HOST: That is fascinating, that is really cool technology! So, in terms of hurricanes...could you tell me what kind of data would be collected underwater to tell me how the weather is going to act on the surface of the earth?
BEN LACOUR: One of the primary drivers of hurricane intensity is really the heat content of the ocean…and so if a hurricane passes over a body of water that is really cold, it can draw some of the heat out of the hurricane, and that weakens the hurricane, or de-intensifies it. If the hurricane goes over a body of water that is really warm - warmer than the hurricane itself - it can draw from the ocean and basically take the heat out of the ocean and put it in the storm itself and intensify it. That’s one of the drivers for hurricane intensity...what is the heat content below the storm, and in front of the storm...so that is one of the things the gliders look for, they measure temperature (of the ocean). Because it is diving to 1000 meters, it can see how deep that heat layer or that cold layer goes that is underneath the storm. That helps the researchers and the forecasters understand the ocean conditions ahead of the storm, the conditions where the storm will pass over, and what is going on right under the storm. Knowing how that storm affects the ocean, and how the ocean affects the storm is really important. This is primarily measured through temperature...as well as salinity and conductivity. Those are the three primary sensors that are used for this type of work. So, while we’ve been deploying gliders for other things like habitat monitoring and listening to acoustics in the ocean, and just normal oceanographic missions, we’re now having gliders go out there specifically to be prepared for hurricane season.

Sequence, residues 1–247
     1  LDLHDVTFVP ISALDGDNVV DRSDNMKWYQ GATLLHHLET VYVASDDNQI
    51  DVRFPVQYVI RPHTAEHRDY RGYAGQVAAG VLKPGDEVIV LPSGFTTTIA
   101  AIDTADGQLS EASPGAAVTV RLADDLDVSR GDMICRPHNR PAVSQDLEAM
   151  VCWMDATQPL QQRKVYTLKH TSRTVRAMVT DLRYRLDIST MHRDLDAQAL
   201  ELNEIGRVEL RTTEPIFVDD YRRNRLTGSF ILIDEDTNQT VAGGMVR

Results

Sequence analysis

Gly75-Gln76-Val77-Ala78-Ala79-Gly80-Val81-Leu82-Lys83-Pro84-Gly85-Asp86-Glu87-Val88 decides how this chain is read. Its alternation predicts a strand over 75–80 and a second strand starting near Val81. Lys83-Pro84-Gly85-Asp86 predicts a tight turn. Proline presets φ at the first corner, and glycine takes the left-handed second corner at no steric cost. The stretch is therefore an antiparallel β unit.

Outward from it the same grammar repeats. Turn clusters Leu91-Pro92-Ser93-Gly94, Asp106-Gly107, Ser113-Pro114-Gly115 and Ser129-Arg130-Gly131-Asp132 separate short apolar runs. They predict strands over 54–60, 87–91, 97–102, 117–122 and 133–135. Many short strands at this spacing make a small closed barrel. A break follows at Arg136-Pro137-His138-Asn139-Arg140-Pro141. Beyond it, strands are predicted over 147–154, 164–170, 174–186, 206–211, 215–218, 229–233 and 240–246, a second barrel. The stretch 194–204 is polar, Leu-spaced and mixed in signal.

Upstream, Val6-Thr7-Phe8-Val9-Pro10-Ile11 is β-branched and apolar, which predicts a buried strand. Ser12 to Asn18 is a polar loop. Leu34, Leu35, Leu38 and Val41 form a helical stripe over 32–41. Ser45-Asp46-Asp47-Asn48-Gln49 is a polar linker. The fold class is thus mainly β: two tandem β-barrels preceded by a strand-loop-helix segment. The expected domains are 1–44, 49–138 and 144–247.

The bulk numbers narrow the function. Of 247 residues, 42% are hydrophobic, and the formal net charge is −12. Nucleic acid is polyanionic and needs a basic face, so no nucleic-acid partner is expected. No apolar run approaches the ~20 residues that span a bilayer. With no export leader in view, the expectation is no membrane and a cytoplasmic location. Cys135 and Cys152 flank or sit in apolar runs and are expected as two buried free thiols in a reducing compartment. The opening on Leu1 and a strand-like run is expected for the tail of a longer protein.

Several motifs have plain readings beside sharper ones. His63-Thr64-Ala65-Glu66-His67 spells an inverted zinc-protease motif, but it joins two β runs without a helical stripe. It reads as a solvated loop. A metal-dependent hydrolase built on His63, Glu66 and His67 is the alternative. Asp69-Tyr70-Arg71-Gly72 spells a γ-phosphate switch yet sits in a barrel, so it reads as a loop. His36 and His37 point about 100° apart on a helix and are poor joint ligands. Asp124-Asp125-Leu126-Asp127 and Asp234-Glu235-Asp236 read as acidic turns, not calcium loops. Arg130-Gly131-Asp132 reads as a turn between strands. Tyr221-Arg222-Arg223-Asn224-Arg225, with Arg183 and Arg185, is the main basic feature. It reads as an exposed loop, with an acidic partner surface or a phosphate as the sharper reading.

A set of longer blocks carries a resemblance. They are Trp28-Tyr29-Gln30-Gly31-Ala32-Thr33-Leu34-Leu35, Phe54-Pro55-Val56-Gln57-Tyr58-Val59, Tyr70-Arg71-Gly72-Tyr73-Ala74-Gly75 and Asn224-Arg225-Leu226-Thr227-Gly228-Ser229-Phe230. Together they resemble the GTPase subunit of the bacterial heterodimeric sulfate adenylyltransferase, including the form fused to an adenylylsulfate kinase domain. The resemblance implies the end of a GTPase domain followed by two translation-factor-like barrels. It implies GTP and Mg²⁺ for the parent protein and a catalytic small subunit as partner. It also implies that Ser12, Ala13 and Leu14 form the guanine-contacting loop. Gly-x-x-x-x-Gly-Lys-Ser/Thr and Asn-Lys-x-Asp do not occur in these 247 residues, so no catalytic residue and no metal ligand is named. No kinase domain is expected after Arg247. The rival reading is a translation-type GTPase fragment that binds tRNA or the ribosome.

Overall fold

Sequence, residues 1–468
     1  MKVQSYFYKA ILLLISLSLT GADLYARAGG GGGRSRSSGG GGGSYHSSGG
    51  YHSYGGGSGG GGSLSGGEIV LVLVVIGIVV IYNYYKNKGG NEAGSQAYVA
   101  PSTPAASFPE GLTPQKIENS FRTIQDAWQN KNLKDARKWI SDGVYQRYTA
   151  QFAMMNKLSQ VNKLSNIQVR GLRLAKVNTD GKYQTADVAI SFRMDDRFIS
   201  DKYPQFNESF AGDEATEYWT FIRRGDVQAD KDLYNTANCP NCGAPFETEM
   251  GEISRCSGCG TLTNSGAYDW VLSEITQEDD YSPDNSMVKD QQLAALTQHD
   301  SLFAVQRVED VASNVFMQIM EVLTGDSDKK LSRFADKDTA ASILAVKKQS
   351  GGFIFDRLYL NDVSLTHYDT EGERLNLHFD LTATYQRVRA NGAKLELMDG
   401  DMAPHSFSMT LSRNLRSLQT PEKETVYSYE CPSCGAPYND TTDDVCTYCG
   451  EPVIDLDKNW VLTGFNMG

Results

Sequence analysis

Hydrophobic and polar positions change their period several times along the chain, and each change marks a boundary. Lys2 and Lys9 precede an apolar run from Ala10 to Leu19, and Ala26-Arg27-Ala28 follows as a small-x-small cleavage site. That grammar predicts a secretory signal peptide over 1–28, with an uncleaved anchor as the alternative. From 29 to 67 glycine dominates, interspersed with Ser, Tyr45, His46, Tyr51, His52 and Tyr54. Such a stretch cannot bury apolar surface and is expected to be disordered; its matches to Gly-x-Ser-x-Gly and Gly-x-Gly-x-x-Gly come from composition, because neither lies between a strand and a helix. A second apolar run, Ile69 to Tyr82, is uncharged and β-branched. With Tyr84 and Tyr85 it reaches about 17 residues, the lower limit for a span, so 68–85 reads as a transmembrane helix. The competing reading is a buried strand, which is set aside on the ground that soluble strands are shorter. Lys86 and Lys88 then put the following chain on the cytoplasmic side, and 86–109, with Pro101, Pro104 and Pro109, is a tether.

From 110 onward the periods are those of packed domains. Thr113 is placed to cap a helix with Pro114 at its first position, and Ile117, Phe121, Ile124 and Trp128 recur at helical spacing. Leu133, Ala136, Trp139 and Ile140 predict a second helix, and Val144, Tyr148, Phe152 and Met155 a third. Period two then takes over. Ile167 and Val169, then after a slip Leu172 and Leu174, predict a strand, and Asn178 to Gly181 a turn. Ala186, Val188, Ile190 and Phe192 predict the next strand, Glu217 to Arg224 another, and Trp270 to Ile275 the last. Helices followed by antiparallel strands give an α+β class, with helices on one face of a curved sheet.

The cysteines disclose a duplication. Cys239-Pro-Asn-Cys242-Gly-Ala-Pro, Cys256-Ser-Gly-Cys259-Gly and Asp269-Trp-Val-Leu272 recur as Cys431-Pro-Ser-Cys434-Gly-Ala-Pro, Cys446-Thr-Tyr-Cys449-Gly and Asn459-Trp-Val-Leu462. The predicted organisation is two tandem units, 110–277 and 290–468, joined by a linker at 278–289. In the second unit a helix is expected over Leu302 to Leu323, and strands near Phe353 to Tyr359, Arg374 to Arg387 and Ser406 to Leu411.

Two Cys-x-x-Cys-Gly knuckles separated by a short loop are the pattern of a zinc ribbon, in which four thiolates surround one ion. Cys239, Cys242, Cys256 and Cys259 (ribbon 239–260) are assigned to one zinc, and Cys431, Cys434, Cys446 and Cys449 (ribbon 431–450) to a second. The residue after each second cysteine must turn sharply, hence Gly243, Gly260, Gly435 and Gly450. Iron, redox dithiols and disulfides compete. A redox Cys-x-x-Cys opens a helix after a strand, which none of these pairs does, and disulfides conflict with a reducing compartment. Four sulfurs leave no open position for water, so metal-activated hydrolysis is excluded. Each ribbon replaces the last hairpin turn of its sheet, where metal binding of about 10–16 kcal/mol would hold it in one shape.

HOST: So my last question to you on this is, how has this technology, this glider technology, improved the overall forecasting abilities of NOAA?
BEN LACOUR: Basically, there’s areas of the ocean that are really hard for models to get right… and those are the areas that cause rapid intensification and de-intensification…and so that’s where we put the gliders. So we’re not necessarily looking to chase a hurricane with a glider, we’re looking to have a glider there throughout the whole hurricane season to help drive the forecast models to better represent those hard-to-forecast areas. So, really this technology has started to improve forecasting for NOAA specifically when it comes to oceanographic forecasting. Having a glider (on location) there persistently throughout hurricane season really helps give the data needed to the models to be able to understand what is really happening. In order to get the intensity correct for a hurricane, you have to kind of know what those conditions are to help keep the models on track.
HOST: That’s it for this episode of the NOAA Ocean Podcast. Thanks again to Ben LaCour from the U.S. IOOS® Program for telling me all about ocean gliders and how they help scientists forecast and predict hurricane intensity. If you’d like to learn more about this topic, or any ocean-related topic, visit our website at oceanservice.noaa.gov. We appreciate you taking the time to learn with us and look forward to the next time. Until then, thanks for listening!